A Harvard professor and Illinois Institute of Technology graduate has developed inhalable chocolate.
The product, called Le Whif, will make its debut in the United States at next month's All Candy Expo, a huge confection-industry gathering at McCormick Place. Its inventor, David Edwards, who helped develop inhalable insulin and is working on an inhalable TB vaccination, threw out the idea of breathable food while teaching an engineering sciences class at Harvard several years ago.
Along with several students, Edwards developed a modified inhaler and settled on using chocolate particles that are 80 to 300 microns—too big to enter the lungs and trigger coughing, he said. The device coats the user's mouth with the taste of chocolate—at less than 1 calorie. Edwards envisions people enjoying Le Whif along with a cup of coffee. But he has a larger vision, as well.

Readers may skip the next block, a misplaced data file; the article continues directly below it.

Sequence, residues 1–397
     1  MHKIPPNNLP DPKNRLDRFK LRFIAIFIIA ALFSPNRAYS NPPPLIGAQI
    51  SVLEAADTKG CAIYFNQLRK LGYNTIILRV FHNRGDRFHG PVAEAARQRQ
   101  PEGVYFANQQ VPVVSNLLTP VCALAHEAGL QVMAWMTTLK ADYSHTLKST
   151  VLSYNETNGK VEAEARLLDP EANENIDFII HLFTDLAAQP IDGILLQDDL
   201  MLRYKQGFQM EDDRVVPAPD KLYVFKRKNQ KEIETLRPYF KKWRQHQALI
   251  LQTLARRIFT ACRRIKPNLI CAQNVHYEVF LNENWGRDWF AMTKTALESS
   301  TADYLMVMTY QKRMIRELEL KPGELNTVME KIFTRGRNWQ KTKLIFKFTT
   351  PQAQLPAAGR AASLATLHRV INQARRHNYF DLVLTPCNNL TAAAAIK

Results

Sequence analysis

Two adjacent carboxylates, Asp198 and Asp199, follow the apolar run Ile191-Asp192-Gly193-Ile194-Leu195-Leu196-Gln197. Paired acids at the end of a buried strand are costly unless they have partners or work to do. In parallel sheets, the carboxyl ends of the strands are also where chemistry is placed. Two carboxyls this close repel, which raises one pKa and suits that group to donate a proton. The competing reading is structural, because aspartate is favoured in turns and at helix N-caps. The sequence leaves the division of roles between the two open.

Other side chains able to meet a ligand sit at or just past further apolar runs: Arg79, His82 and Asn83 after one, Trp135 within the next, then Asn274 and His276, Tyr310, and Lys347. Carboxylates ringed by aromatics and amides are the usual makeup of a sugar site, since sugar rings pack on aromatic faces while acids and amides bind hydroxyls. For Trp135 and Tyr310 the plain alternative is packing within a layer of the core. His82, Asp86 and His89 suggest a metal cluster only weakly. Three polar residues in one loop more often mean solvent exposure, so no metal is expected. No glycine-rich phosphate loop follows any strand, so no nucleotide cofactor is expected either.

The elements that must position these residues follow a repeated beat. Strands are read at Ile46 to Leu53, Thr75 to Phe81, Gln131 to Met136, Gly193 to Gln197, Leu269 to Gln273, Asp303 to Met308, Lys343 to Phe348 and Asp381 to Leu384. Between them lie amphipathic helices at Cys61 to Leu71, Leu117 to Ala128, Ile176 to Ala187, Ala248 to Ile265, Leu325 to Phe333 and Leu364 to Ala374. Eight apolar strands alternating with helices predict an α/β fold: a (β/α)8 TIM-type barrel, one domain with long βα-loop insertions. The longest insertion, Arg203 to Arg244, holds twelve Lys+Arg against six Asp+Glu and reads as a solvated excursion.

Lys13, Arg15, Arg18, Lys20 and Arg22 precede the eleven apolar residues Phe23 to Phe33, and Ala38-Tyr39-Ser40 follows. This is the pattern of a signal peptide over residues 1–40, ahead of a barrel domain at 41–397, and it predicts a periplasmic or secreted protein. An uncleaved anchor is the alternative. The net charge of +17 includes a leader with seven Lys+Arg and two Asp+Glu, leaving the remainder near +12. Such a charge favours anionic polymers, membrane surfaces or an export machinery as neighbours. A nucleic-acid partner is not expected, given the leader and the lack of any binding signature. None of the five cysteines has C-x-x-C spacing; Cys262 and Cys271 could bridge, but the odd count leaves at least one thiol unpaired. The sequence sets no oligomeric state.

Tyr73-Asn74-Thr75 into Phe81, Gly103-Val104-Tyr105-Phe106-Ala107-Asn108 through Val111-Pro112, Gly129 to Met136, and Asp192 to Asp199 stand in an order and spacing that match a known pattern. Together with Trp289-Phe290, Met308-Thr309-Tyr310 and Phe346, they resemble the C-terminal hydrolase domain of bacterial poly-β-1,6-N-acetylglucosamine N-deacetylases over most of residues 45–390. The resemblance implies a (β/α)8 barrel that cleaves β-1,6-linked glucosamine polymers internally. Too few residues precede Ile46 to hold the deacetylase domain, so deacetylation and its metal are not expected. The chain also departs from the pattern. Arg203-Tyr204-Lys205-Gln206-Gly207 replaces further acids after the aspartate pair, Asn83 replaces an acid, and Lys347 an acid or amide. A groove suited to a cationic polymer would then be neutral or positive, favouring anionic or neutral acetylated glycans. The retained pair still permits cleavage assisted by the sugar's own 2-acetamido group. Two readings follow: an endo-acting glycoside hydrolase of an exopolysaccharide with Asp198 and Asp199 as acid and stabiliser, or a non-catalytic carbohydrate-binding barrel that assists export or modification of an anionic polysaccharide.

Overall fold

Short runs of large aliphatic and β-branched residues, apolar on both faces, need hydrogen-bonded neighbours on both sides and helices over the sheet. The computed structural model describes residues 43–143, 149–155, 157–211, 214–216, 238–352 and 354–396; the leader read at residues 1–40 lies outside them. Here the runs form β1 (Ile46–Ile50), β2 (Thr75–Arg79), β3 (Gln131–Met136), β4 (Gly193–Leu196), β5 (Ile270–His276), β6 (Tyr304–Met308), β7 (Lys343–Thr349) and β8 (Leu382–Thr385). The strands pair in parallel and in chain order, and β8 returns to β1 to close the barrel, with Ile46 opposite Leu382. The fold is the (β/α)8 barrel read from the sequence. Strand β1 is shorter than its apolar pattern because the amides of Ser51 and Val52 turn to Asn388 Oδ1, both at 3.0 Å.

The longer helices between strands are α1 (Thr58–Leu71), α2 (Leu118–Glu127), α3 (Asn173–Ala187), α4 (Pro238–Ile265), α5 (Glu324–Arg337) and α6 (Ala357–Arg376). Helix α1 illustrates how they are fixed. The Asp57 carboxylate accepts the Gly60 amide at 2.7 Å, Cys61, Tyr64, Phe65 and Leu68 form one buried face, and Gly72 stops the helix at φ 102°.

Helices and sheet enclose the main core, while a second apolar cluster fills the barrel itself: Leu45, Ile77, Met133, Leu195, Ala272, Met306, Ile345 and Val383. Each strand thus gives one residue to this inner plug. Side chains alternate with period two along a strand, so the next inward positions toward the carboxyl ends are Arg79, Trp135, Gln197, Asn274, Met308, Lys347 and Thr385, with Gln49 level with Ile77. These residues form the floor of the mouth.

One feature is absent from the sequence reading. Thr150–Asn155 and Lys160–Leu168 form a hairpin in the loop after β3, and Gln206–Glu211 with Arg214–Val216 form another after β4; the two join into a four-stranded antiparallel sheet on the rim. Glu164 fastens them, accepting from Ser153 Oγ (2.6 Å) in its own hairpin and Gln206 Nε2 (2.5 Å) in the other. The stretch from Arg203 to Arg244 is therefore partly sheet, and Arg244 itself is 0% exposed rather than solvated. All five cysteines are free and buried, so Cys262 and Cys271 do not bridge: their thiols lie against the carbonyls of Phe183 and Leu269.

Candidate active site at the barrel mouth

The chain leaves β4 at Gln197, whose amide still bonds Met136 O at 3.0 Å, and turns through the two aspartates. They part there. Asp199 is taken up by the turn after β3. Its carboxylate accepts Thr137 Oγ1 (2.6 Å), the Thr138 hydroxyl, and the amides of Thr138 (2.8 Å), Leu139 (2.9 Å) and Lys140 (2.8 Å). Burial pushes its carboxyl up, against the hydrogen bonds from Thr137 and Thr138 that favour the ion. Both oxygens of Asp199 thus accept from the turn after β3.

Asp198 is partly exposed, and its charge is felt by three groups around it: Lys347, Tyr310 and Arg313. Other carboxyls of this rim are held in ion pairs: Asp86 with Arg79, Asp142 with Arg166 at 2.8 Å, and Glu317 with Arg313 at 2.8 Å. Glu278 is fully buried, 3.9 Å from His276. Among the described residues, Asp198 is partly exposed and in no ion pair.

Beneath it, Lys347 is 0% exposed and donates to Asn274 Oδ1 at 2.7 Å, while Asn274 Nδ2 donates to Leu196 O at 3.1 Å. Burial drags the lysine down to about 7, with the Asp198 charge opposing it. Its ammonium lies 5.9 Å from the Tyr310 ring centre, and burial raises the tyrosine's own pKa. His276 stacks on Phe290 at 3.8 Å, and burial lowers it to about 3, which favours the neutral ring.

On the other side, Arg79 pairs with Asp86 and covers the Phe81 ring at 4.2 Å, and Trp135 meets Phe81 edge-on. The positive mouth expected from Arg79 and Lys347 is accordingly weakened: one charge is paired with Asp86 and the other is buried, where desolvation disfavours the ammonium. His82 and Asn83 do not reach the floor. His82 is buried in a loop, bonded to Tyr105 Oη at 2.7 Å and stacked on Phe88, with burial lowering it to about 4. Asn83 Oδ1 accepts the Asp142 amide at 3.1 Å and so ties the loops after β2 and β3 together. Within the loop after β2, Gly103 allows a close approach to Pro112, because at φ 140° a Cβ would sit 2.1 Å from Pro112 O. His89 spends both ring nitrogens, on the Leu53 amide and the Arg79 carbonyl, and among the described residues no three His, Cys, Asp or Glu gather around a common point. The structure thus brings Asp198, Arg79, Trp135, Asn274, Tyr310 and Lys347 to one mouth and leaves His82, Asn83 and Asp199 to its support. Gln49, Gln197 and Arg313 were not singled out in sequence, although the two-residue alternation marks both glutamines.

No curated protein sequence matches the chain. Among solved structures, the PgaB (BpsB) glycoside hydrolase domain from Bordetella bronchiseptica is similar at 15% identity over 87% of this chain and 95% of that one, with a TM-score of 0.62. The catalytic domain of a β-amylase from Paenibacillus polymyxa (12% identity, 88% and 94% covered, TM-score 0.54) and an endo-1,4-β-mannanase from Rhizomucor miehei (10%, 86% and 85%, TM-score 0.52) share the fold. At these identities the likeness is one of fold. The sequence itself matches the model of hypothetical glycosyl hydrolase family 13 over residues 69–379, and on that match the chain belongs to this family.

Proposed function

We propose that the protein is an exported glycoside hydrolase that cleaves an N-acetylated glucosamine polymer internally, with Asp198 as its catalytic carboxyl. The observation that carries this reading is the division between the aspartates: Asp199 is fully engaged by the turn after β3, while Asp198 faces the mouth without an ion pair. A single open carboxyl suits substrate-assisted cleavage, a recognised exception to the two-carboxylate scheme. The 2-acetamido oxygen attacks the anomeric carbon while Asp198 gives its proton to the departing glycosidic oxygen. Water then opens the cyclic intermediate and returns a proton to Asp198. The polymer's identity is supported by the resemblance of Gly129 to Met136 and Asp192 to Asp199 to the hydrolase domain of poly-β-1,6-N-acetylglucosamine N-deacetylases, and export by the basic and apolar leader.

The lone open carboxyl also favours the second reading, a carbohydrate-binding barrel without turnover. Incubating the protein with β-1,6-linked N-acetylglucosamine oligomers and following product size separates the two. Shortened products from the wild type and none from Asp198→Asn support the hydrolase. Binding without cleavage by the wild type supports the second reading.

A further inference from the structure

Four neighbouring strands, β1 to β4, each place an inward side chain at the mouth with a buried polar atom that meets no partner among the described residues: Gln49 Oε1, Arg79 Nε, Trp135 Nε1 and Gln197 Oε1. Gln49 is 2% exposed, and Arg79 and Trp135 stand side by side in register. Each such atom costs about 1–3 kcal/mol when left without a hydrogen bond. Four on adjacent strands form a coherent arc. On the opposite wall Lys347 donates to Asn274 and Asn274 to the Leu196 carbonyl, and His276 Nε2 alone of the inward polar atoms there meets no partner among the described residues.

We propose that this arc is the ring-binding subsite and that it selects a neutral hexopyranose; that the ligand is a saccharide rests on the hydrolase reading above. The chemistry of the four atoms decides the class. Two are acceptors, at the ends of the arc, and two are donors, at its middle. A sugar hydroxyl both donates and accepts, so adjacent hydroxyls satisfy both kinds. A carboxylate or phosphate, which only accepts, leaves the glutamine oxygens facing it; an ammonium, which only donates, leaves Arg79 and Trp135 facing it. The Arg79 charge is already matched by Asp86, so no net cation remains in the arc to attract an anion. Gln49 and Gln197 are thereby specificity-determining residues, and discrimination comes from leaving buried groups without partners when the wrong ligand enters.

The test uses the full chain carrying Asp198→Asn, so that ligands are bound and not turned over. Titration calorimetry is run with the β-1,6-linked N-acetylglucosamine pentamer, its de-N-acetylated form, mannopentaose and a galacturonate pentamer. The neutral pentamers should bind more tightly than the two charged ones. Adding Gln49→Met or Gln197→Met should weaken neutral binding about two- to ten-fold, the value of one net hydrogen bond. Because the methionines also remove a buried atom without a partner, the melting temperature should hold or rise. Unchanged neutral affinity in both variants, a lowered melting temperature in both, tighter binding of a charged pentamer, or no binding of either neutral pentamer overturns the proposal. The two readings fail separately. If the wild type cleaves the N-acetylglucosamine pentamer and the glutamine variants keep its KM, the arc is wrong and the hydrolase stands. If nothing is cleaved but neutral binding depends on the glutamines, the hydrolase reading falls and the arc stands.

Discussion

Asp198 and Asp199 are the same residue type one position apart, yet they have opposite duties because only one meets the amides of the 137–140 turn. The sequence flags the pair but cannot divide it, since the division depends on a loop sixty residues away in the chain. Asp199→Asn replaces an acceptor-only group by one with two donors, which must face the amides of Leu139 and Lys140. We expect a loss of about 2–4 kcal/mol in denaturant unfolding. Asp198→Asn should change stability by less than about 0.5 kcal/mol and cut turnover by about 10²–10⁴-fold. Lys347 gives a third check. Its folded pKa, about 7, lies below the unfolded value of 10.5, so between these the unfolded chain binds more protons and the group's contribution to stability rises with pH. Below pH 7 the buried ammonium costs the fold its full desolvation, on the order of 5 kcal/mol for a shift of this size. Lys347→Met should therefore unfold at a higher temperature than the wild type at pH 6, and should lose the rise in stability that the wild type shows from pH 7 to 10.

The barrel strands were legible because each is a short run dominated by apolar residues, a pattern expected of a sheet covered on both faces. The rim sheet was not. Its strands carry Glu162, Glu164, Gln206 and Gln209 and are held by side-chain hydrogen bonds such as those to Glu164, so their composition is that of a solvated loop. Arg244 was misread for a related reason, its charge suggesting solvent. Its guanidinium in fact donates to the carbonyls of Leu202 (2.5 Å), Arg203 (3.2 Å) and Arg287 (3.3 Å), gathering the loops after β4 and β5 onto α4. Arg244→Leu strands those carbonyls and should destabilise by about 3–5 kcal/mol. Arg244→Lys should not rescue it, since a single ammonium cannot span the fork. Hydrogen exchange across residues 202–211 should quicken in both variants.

"We believe really strongly that there's a whole new way of eating—by aerosol," Edwards, 48, said. "The big picture here is that for thousands of years we've eaten with our hands or, more recently, with chopsticks and forks and things. We're sort of moving on. People have been whiffing [my product] here in Paris for the past few months."
Chocoholics will be able to purchase 24 "whiff" bundles online at the end of the month for about $50, Edwards said. Each "whiff" contains four puffs.
He said he sees other inhalable possibilities, like soup or certain spices, but has no plans to take on, say, Chicago-style deep-dish pizza. "I think deep-dish pizza is best left in the pan," Edwards said.
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